Sequence Tagging with Policy-Value Networks and Tree Search

Sequence Tagging with Policy-Value Networks and Tree Search

Yadi Lao, Jun Xu, Yanyan Lan, Jiafeng Guo, Sheng Gao, Xueqi Cheng, Jun Guo Beijing University of Posts and Telecommunications
CAS Key Lab of Network Data Science and Technology
Institute of Computing Technology, Chinese Academy of Science

In this paper we propose a novel reinforcement learning based model for sequence tagging, referred to as MM-Tag. Inspired by the success and methodology of the AlphaGo Zero, MM-Tag formalizes the problem of sequence tagging with a Monte Carlo tree search (MCTS) enhanced Markov decision process (MDP) model, in which the time steps correspond to the positions of words in a sentence from left to right, and each action corresponds to assign a tag to a word. Two long short-term memory networks (LSTM) are used to summarize the past tag assignments and words in the sentence. Based on the outputs of LSTMs, the policy for guiding the tag assignment and the value for predicting the whole tagging accuracy of the whole sentence are produced. The policy and value are then strengthened with MCTS, which takes the produced raw policy and value as inputs, simulates and evaluates the possible tag assignments at the subsequent positions, and outputs a better search policy for assigning tags. A reinforcement learning algorithm is proposed to train the model parameters. Our work is the first to apply the MCTS enhanced MDP model to the sequence tagging task. We show that MM-Tag can accurately predict the tags thanks to the exploratory decision making mechanism introduced by MCTS. Experimental results show based on a chunking benchmark showed that MM-Tag outperformed the state-of-the-art sequence tagging baselines including CRF and CRF with LSTM.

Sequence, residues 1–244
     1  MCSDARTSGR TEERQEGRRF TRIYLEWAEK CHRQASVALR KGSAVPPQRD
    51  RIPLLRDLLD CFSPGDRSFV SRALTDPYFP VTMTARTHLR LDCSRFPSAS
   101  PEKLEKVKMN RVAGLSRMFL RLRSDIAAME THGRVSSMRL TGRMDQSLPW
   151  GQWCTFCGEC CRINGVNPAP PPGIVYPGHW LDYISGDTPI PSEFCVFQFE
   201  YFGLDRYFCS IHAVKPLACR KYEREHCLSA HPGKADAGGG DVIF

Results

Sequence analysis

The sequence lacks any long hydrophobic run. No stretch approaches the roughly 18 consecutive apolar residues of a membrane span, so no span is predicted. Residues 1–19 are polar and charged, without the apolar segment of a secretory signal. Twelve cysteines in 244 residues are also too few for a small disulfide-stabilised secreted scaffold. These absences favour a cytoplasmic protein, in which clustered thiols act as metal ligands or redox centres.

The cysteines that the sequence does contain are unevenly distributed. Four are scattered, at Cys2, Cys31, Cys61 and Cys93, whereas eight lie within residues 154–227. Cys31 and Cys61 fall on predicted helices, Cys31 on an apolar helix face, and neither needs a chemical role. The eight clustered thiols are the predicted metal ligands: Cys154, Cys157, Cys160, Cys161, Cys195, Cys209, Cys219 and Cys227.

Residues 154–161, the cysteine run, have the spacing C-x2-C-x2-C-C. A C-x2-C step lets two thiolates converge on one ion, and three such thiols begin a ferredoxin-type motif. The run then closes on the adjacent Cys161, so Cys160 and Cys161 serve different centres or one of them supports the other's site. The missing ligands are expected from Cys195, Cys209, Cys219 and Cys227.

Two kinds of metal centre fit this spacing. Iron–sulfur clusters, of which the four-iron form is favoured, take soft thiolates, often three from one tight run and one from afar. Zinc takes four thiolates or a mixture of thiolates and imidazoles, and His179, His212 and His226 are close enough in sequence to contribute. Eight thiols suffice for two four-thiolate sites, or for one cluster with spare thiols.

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1. Introduction

Sequence tagging, including POS tagging, chunking, and name entity recognition, has gained considerable research attention for a few decades. Using the chunking as an example, given a sentences of text (e.g., a sentence), each of the word in a sequence receives a “tag” (class label) that expresses its phrase type.